On March 26, 2013, the Office of Inspector General (OIG) of the U.S. Department of Health & Human Services issued a Special Fraud Alert on physician-owned entities. The Special Fraud Alert specifically addresses physician-owned distributorships (PODs) that profit from selling implantable medical devices for use on the patients of such physician-owners at hospitals or ambulatory surgical centers (ASCs). OIG previously had issued guidance on this topic on Oct. 6, 2006. In this Special Fraud Alert, OIG stated that it is “particularly concerned” about financial incentives in the implantable medical device context because these types of devices are “physician preference items,” meaning that the physician has the ability to strongly influence the choice of brand and type of device used, rather than having the hospital or ASC make those decisions. OIG specifically notes that disclosure to a patient of the physician’s financial interest in the POD is not sufficient to address fraud and abuse concerns. In fact, OIG in the Special Fraud Alert calls PODs “inherently suspect” under the Anti-Kickback Statute.
Diagram of a Typical POD Structure
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The Special Fraud Alert lists a number of suspect characteristics that are warning signs for problematic PODs:
- The size of the investment offered to each physician varies with the expected or actual volume or value of devices used by the physician.
- Distributions are not made in proportion to ownership interest, or physician-owners pay different prices for their ownership interests, because of the expected or actual volume or value of devices used by the physicians.
- Physician-owners condition their referrals to hospitals or ASCs on their purchase of the POD’s devices through coercion or promises, for example, by stating or implying they will perform surgeries or refer patients elsewhere if a hospital or an ASC does not purchase devices from the POD, by promising or implying they will move surgeries to the hospital or ASC if it purchases devices from the POD, or by requiring a hospital or an ASC to enter into an exclusive purchase arrangement with the POD.
- Physician-owners are required, pressured or actively encouraged to refer, recommend or arrange for the purchase of the devices sold by the POD or, conversely, are threatened with, or experience, negative repercussions (e.g., decreased distributions, required divestiture) for failing to use the POD’s devices for their patients. The POD retains the right to repurchase a physician-owner’s interest for the physician’s failure or inability (through relocation, retirement or otherwise) to refer, recommend or arrange for the purchase of the POD’s devices.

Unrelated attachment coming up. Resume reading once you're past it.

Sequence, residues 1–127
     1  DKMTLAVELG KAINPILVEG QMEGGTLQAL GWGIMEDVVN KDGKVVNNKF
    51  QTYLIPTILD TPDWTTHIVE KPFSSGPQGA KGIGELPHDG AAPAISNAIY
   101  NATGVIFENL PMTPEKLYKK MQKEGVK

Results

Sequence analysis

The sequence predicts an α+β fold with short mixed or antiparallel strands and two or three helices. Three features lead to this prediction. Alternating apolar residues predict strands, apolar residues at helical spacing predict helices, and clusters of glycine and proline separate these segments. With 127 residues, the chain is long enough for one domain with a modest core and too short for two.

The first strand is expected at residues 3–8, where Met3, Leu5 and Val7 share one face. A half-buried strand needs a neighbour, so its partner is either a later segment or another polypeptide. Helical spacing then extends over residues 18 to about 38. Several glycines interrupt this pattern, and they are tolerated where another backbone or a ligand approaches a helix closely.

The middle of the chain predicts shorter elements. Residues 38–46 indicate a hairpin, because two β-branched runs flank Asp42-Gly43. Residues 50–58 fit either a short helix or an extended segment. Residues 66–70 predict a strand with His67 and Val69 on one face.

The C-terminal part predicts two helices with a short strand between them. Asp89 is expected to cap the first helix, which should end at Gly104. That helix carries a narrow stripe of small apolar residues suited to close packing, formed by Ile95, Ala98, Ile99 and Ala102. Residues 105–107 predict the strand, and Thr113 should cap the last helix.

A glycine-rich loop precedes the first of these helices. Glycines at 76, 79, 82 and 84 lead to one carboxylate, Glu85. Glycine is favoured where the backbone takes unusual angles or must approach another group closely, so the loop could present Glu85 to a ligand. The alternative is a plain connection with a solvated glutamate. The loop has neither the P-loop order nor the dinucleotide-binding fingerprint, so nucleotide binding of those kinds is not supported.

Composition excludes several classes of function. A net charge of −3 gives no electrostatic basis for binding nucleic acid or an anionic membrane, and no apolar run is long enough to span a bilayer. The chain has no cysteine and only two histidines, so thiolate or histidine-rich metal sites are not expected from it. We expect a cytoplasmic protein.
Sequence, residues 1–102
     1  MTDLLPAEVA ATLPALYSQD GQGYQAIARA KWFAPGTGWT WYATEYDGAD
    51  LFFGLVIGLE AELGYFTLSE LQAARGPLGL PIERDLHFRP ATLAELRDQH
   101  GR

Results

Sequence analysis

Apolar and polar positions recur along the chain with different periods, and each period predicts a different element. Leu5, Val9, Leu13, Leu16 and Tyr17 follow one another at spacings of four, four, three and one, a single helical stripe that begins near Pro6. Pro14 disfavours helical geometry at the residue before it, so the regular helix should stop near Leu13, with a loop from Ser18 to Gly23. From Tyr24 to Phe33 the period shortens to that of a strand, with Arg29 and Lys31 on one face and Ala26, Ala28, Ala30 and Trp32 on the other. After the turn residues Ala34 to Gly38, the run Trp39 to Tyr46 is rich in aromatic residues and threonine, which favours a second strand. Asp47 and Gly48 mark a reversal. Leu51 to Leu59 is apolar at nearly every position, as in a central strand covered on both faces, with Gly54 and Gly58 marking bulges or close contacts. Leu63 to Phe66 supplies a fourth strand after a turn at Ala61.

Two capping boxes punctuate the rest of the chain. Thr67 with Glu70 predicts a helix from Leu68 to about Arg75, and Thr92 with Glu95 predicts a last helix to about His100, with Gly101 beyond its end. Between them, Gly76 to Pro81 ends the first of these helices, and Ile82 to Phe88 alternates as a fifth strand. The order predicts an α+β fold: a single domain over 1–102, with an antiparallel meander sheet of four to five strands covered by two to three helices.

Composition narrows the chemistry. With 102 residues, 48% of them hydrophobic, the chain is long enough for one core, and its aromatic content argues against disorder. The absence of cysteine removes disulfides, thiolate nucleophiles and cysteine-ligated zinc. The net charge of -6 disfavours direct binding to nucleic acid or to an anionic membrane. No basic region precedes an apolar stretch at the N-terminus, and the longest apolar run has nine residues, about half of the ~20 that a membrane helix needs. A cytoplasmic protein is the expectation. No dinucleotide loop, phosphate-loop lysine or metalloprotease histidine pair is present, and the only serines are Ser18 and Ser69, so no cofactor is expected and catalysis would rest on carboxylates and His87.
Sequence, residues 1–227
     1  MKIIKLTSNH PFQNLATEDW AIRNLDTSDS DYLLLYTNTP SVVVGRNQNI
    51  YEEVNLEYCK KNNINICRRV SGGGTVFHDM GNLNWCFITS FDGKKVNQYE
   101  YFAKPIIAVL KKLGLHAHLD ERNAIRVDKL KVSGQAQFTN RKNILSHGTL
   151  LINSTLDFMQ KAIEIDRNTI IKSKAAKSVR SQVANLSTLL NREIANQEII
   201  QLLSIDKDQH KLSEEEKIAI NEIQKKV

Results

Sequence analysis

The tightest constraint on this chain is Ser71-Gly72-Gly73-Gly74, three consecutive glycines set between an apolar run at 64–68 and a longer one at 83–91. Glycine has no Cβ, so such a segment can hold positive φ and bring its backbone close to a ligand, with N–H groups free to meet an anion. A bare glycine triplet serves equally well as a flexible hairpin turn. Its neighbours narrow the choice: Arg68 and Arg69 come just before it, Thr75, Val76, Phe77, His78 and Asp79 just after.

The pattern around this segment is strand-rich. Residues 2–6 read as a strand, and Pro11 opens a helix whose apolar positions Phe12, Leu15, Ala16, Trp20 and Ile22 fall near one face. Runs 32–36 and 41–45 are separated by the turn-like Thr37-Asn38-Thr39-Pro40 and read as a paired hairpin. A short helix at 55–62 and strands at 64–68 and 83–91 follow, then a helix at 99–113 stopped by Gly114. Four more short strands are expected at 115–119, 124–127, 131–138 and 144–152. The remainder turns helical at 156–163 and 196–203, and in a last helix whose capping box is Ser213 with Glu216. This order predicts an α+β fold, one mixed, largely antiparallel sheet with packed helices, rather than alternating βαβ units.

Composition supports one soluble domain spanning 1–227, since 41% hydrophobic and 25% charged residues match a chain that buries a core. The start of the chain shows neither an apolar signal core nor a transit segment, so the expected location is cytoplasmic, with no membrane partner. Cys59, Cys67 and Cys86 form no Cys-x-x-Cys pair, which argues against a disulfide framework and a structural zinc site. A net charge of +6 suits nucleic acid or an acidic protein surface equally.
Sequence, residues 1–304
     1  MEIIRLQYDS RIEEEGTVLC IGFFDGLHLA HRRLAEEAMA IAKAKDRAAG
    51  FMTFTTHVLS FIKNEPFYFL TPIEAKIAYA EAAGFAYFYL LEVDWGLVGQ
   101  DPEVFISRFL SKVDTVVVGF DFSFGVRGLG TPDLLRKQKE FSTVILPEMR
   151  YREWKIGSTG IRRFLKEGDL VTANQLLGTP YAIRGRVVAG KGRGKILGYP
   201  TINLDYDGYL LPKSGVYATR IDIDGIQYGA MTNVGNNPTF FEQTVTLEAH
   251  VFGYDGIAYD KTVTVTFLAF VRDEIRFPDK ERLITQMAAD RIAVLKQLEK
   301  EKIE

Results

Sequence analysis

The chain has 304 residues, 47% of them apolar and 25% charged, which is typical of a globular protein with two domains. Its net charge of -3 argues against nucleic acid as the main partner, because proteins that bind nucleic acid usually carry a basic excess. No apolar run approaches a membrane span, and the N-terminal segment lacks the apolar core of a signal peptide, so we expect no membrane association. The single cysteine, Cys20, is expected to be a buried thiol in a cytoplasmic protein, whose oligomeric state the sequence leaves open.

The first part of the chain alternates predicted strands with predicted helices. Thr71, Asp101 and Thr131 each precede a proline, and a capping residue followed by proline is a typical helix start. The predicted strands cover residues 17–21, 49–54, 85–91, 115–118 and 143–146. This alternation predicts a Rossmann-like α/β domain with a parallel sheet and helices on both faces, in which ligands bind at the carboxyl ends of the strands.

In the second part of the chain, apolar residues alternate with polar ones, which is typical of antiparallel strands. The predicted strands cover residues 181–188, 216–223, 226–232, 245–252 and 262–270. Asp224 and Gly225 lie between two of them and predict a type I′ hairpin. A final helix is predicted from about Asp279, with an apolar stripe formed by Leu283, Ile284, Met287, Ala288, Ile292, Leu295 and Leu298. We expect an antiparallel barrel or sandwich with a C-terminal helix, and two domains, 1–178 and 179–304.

- The POD is a shell entity that does not conduct appropriate product evaluations, maintain or manage sufficient inventory in its own facility, or employ or otherwise contract with personnel necessary for operations.
- The POD does not maintain continual oversight of all distribution functions.
When a hospital or an ASC requires physicians to disclose conflicts of interest, the POD’s physician-owners either fail to inform the hospital or ASC of, or actively conceal through misrepresentations, their ownership interest in the POD.
However, OIG is careful to point out that even if an arrangement does not display any of the above characteristics it still may be found unlawful. Because the investment risk associated with a POD often is minimal, the high rate of return increases the likelihood that one of the purposes of the arrangement is to enable physician-owners of the POD to profit from their ability to control which medical devices are used in their procedures. The OIG expressed heightened concerns in two situations: (1) where the physician-owners of the POD are few in number and (2) where physician-owners alter their practice or referral patterns shortly before or after investing in the POD.
Finally, OIG specifically noted both sides of these arrangements should be wary of potential criminal liability. This includes hospitals and ASCs, as well as the PODs and their physician-owners.
The Special Fraud Alert reiterates much of OIG’s past guidance as well as specifically highlights the types of risks that it perceives with these types of arrangements.